“We quickly learned how bad the judicial system is,” her parents state. “Absolutely no justice was served.”
Taylor was only twenty-two when she was killed. What happened to her?
“He pulled over and crawled back and said, ‘This girl isn’t breathing. She ain’t breathing.’ And that’s when everything took a turn. Now the hospital trip changed.”
– Statement from Deonte Baker to St. Petersburg Police Department (2017)
Taylor’s parents are extremely candid about their daughter’s drug addiction and how she struggled in the last few years of her life before her murder.
“She started to spiral deeper after the girls were born and she was prescribed pain medication,” Leslie and Bill recall. “This continued and led her down a bad path. The drugs made her a completely different person.”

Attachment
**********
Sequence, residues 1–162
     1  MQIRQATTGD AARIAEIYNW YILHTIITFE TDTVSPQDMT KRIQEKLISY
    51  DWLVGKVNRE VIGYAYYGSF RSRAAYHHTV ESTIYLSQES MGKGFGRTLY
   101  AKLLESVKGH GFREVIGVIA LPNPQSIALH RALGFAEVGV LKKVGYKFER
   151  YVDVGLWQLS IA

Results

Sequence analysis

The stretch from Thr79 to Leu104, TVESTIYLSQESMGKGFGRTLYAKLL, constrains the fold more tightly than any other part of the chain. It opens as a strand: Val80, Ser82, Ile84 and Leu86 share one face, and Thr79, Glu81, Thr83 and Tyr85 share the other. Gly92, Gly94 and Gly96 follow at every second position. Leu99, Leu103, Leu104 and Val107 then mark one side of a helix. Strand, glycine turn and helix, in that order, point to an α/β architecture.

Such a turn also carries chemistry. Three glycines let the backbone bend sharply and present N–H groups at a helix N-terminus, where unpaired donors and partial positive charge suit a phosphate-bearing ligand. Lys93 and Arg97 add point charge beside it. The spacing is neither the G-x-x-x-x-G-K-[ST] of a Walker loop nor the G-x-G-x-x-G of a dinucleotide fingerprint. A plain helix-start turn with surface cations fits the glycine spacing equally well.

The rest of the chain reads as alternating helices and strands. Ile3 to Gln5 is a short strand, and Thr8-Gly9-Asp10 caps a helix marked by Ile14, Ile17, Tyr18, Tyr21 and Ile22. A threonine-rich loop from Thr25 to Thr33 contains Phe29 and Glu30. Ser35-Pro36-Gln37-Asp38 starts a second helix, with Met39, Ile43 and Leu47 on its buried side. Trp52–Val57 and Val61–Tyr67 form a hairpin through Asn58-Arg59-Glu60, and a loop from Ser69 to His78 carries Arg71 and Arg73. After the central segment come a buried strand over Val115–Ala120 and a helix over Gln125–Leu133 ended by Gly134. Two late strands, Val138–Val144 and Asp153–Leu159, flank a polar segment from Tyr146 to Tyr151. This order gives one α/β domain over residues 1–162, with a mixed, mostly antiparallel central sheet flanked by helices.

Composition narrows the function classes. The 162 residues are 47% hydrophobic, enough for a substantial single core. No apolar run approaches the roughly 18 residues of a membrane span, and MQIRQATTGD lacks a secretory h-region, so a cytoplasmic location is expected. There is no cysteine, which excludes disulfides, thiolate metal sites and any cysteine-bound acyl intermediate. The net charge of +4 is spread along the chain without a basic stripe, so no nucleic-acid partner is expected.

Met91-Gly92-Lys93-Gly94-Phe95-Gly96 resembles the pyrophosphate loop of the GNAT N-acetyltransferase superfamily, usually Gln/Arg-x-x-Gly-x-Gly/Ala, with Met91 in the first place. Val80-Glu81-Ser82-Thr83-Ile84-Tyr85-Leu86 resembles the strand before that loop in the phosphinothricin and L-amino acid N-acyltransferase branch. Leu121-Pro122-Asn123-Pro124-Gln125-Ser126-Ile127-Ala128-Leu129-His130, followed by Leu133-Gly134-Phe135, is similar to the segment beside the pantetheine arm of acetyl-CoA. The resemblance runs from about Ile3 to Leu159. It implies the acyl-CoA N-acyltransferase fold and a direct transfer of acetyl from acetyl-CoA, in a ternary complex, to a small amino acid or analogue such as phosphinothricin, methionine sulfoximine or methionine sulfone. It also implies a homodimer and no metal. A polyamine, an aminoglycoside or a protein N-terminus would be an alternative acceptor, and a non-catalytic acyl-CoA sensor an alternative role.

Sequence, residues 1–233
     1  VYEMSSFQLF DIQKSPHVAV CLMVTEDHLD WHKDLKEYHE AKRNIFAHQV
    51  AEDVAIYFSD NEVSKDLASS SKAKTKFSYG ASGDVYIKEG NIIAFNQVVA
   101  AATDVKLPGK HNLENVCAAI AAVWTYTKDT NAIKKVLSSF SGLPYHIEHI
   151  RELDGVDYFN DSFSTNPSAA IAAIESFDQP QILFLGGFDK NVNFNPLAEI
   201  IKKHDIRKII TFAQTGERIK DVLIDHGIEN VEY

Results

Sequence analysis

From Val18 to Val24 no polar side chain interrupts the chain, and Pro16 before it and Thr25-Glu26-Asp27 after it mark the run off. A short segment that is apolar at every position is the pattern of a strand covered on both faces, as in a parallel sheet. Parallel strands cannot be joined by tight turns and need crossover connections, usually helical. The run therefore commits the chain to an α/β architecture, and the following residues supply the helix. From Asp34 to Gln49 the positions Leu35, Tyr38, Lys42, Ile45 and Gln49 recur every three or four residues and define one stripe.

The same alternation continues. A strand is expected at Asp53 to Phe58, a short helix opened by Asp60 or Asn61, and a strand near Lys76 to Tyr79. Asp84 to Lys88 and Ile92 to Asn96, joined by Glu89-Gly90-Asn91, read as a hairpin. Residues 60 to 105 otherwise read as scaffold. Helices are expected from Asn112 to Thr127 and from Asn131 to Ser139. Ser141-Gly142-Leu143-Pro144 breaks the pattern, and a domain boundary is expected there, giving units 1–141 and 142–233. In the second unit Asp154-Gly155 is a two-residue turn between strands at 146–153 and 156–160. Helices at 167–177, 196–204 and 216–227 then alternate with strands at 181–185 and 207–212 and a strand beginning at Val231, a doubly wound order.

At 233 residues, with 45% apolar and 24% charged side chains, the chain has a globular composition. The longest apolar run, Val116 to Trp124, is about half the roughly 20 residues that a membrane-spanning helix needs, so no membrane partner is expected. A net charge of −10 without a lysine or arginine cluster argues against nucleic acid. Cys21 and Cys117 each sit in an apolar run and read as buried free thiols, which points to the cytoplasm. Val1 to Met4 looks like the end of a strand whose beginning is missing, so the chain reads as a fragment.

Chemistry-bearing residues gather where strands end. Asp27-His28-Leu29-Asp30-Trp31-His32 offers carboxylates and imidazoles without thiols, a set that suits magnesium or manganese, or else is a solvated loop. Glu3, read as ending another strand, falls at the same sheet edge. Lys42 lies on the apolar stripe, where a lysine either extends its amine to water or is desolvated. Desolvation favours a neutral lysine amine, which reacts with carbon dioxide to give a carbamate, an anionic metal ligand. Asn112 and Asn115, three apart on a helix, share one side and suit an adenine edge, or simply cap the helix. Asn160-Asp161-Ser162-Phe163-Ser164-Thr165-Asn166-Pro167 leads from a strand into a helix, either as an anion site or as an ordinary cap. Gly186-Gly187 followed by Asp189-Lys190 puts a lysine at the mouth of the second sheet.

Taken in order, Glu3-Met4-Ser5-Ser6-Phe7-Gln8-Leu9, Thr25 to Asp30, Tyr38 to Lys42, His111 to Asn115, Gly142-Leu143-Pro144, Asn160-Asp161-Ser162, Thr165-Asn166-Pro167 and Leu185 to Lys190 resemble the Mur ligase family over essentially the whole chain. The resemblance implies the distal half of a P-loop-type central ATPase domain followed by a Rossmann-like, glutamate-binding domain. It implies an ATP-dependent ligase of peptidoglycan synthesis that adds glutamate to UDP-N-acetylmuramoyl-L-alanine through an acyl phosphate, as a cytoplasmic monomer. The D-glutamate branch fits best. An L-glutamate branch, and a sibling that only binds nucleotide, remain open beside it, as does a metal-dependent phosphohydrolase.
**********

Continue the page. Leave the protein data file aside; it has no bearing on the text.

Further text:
Many members of the public have scoffed at her death while her parents seek justice, citing her drug use as a reasonable excuse for her demise. The autopsy report clearly states the manner of death as homicide, but many people choose to ignore it and focus instead on the lifestyle Taylor was living at the time, calling her a “junkie” and blaming her for her own death.
“Her addiction did not define her,” Leslie and Bill state. “Taylor was truly one of a kind. Anyone who met her fell in love with her because of her personality. She could make you laugh like crazy.”
It’s astonishing the vile and heartless words people choose to say, especially to grieving parents. Taylor struggled with drugs – but she also loved her twin daughters more than anything in the world, and she cried every year when she read her birthday cards, and she had a talent for doing impressions and making everyone around her laugh. She was known for her hugs. She wanted to be a musician and had an interest in cosmetology, spending hours with her sisters doing their hair and makeup.